To help us weed through the huge amount of self-help out there, we have been consulting Dr. John Norcross’ 12-point checklist. Dr. Norcross urges seekers to look beyond the “glitz” and the unbelievable claims of a quick fix, to check if any research supports the claims being made and to:
4. Favor Self-Help that has been tested as self-help.
Ok, sounds confusing, what does this mean?
- Clever marketers of self-help know that terms like “research proven” or “clinically tested” makes something sound legit and convinces someone to either buy the product or “buy into” the idea or program. However, these terms often refer to work that has been tried and tested by a trained, experienced professional, not the average seeker.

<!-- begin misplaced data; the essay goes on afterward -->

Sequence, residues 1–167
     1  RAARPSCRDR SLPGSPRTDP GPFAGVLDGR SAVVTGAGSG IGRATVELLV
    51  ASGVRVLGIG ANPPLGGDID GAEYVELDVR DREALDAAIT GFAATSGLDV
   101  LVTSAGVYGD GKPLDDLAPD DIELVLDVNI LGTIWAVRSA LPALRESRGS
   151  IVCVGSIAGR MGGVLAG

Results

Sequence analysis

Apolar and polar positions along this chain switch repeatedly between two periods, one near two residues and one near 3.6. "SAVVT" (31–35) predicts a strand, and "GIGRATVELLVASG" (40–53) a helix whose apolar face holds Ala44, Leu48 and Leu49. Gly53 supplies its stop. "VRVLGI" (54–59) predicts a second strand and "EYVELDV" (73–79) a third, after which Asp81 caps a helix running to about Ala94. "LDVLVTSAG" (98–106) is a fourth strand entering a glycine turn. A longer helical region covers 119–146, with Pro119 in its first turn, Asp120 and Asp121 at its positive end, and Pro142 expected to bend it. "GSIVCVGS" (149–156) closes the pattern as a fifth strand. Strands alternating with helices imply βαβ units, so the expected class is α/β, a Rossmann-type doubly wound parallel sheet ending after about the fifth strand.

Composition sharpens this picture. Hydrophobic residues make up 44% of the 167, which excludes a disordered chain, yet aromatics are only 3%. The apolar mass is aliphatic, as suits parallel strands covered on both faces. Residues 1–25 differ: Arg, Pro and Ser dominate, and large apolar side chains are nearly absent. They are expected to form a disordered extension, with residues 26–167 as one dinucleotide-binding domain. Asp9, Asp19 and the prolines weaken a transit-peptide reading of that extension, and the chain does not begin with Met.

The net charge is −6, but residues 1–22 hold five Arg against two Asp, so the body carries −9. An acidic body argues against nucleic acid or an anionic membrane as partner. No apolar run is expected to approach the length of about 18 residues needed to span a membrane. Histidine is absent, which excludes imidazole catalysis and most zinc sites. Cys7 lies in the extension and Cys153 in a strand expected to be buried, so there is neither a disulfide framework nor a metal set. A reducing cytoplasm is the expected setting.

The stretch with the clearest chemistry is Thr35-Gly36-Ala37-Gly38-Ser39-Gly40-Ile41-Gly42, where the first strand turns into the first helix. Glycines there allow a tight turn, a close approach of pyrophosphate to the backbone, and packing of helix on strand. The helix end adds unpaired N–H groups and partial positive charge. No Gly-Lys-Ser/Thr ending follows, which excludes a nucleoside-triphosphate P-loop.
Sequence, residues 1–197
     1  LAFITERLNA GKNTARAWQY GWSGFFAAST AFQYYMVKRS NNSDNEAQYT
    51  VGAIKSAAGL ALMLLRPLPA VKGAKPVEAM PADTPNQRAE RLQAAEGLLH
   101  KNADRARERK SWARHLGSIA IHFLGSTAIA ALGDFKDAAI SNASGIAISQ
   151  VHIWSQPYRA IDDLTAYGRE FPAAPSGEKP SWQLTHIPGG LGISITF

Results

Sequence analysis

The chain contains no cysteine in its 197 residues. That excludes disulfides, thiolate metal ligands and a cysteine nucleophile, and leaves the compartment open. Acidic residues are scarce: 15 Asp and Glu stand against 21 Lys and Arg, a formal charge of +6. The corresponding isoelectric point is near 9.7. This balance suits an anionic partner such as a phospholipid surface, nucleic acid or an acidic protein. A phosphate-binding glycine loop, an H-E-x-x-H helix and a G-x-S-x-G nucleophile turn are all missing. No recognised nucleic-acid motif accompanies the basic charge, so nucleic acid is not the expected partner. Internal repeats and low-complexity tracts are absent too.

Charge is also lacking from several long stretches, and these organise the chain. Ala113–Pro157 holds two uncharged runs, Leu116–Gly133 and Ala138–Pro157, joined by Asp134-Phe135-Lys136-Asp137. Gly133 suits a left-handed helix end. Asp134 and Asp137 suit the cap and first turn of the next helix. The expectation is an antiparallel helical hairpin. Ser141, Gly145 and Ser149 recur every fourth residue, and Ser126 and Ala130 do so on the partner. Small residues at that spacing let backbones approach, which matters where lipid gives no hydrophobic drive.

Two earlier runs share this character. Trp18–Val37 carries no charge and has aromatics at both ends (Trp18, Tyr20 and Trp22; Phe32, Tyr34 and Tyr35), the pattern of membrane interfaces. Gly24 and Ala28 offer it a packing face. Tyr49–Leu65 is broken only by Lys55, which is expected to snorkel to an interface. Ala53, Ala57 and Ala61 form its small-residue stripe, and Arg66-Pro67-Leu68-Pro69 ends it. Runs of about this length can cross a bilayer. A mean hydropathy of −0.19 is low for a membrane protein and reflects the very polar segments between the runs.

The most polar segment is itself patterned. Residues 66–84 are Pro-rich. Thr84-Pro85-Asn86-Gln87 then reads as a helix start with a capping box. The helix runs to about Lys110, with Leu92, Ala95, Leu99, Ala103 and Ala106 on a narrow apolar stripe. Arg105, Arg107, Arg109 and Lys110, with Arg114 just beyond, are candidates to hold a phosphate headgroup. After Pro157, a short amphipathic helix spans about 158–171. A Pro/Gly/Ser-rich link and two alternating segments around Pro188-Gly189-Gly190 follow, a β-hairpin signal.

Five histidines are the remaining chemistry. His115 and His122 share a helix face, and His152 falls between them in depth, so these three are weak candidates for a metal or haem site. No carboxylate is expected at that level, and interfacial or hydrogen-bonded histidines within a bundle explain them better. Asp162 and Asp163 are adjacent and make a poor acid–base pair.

- The research may show effectiveness in a laboratory setting, but that doesn’t mean that outside of that controlled environment, this will work.
- So, you need to ask, “Are these claims possible for me to achieve, without professional training or experience?” We need controlled research that shows a lay person, on their own, can benefit from the self-help being offered.
- This reminds me of products that are advertised as “Do It Yourself”, but when you buy the kit or try to assemble it yourself, you realize you needed an engineering degree to put it together!